Noel Coward‘s Blithe Spirit is an uncomplicated charmer of a play. Charles Considine is a successful middle-aged writer of mystery novels. He lives a comfortable suburban life in the English countryside with his second wife, Ruth. They are elegant, charming and amusing to watch as they gently and affectionately bicker and try to calm a particularly nervous servant girl as they prepare to welcome dinner guests.
Charles has invited a local medium, Madame Arcati, to join them for dinner and conduct a seance. He is hoping to gather material for a new novel. The dinner party will be rounded out by their skeptical neighbor Dr. Bradman and his wife. Coward tweaked this premise with one delicious detail — Ruth is Charles’s second wife. His first wife Elvira died young seven years ago. The inevitable follows: Madame Arcati conjures up the spirit of Elvira (visible only to the hapless Charles) who immediately takes up residence with the Considines.
The ghostly menage a trois that ensues allows Coward to shower the audience with the sort of witty, cutting, elegant dialogue between married couples of a certain class for which he was famous.
Blithe Spirit is a light weight souffle of a play that rises effortlessly and cannot fail to entertain. The charming and childlike Elvira is deliciously seductive and provides a marvelous contrast to the rather uptight Ruth. Charles’s consternation is fun to watch. Madame Arcati is a beautifully rendered British eccentric in the grand manner.
Director Mark Rucker presents us with a serviceable Blithe Spirit that reliably delivers the laughs. The production is satisfying, but does not fully realize the potential of Coward’s humor, fluttering about like a baby bird when it should soar like a triumphant eagle. In particular, Domenique Lozano’s Madame Acarti is more bizarre than eccentric, which undermines Coward’s intent. The old dame is funny, alright, but presented as caricature where there ought to be full humanity. Rene Auguesen, making her Cal Shakes debut, gives us a well crafted Ruth and Anthony Fusco is appropriately befuddled as Charles. Rebekah Brockman as the servant girl, Edith, races about to excellent comic effect. Kevin Rolston is humorously pompous as Dr. Bradman, and Melissa Smith is a stand out as his fluttery wife. Best of all is Jessica Kitchens flighty and sparkling Elvira.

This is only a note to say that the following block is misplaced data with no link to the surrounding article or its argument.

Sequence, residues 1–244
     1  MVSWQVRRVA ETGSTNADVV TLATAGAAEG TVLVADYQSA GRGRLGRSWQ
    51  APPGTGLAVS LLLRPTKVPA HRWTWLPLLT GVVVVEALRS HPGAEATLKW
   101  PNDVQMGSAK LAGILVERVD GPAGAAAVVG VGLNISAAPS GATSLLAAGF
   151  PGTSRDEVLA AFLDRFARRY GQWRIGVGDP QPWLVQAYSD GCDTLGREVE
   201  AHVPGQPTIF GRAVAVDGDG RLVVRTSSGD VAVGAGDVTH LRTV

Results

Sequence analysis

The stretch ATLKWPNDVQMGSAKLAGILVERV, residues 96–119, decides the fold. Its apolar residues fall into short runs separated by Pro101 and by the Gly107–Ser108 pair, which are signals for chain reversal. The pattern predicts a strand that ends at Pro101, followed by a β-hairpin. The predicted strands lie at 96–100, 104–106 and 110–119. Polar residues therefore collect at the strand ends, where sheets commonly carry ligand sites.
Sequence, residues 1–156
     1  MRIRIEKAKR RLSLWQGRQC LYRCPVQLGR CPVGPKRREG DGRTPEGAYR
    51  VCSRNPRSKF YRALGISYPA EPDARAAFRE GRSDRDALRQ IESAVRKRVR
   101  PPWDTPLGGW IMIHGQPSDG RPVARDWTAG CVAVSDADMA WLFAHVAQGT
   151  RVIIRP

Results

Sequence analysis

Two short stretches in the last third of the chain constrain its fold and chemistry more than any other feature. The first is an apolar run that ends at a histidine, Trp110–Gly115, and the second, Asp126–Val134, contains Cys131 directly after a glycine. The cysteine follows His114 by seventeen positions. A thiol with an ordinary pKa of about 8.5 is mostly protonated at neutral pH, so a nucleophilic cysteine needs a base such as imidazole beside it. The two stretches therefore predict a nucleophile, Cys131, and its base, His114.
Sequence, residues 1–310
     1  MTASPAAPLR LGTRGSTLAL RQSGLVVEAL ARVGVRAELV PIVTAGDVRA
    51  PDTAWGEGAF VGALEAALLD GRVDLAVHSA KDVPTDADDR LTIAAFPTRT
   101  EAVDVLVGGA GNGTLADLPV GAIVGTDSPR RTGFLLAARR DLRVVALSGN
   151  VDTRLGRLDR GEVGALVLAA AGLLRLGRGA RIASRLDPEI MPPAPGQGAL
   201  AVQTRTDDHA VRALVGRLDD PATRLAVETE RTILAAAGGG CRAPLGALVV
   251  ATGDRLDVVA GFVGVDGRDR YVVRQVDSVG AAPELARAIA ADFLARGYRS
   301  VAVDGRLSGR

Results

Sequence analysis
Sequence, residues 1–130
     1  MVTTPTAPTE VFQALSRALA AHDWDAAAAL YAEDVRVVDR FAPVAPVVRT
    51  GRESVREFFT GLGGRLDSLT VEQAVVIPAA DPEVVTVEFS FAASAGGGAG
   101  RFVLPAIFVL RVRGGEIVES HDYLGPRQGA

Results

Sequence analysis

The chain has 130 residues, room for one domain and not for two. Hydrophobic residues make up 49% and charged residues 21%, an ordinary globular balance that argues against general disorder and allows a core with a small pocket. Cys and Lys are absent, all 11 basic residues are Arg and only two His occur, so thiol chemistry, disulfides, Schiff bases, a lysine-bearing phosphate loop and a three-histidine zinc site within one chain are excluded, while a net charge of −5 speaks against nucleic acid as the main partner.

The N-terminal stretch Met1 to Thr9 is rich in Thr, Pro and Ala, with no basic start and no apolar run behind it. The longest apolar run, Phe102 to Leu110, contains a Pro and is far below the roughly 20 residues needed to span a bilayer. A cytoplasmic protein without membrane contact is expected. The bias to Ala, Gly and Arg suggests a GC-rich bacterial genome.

Annie Smart’s set incorporates some amusing special effects and Katherine Ross’s costumes, particularly that of Madame Arcati, are appropriately whimsical.
Blithe Spirit continues through September 2 at the Bruns Amphitheater in Orinda. For further information, click here.
“Blithe Spirit” by Noel Coward, produced by CalShakes. Director: Mark Rucker. Set Designer: Annie Smart. Costume Designer: Katherine Roth. Lighting Designer: York Kennedy.
Ruth Condomine: Rene Augesen. Charles Condomine: Anthony Fusco. Elvira Condomine: Jessica Kitchens. Madame Arcati: Domenique Lozano. Dr. Bradman: Kevin Rolston. Mrs. Bradman: Melissa Smith. Edith: Rebekah Brockman.
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